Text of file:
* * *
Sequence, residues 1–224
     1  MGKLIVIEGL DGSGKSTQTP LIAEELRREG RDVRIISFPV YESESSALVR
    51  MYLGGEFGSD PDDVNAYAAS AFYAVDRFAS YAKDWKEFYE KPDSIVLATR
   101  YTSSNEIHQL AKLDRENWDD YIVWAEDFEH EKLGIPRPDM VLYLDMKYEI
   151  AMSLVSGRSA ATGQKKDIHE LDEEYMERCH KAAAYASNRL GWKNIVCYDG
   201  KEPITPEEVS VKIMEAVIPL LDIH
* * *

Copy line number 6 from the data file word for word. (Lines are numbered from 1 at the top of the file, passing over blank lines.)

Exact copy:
   201  KEPITPEEVS VKIMEAVIPL LDIH